Initially, after the parties separated, the child lived with the biological mother and spent every other weekend with the nonbiological mother. Thereafter, in 2014, the parties began sharing custody of the child on a week-on week-off basis. The arrangement ended when RL (the nonbiological mother) complained to the daycare where the child attended and the biological mother worked that the biological mother was spending too much time with the child by taking the child off the premises during the day. Because of this, the biological mother stopped the weekly custody rotation.
RL, thereafter, filed a complaint for custody and a hearing was held where the trial court found her to have in loco parentis status, “and therefore standing, to pursue any form of physical or legal custody of child …” After a custody trial, the court awarded the parties shared legal and physical custody, whereby the child would spend alternating weeks with each parent.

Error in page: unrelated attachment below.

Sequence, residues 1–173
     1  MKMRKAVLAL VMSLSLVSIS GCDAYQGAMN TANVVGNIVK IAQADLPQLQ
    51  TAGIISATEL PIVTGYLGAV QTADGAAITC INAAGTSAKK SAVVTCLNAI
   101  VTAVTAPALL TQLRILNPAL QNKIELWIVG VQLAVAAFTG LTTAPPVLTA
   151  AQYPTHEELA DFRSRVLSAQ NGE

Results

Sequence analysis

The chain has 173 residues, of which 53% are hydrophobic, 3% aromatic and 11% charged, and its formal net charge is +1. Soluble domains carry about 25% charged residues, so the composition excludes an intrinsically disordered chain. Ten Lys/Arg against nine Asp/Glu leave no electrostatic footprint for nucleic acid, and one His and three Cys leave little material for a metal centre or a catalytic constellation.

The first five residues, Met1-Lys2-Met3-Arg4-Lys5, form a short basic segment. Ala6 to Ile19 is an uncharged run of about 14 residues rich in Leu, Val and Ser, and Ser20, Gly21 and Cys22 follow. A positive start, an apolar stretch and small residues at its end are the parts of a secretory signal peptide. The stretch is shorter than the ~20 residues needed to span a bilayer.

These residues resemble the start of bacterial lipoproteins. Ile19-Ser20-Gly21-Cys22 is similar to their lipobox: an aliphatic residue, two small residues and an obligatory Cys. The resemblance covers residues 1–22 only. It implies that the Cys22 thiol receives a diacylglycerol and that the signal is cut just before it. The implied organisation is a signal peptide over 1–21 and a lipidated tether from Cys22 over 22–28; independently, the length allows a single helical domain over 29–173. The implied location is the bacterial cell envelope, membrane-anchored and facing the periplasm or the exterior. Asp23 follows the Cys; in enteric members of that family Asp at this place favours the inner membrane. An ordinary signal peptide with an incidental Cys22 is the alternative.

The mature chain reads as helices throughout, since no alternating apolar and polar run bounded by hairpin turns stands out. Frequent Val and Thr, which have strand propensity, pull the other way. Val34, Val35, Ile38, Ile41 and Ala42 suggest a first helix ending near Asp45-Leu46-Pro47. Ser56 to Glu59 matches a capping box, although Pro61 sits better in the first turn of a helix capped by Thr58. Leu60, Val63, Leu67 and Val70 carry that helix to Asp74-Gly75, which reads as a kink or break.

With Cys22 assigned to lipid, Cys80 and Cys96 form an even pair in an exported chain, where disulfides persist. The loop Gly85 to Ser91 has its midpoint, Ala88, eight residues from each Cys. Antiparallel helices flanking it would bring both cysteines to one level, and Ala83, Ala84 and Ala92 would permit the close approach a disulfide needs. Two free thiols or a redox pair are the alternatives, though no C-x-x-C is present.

Interestingly, in the opinion, contained in a footnote, the Superior Court noted that the nonbiological mother was granted in loco parentis status and the trial court did not grant her standing to pursue custody as a “parent.” Because the nonbiological mother failed to challenge the order on that basis, the Superior Court indicated that though the factual basis of this case could have been an opportunity to expand the definition of the term “parent” under Section 5324(1), the issue was not before the court and, therefore, the Superior Court was “constrained to review this case treating RL as a third party rather than the parent.” The importance of that harkens back to the Pennsylvania Supreme Court case of C.G. v. J.H., where there was a reference that the facts of that case did not provide the court with a basis which to further expand the definition of the term “parent” under Section 5324(1).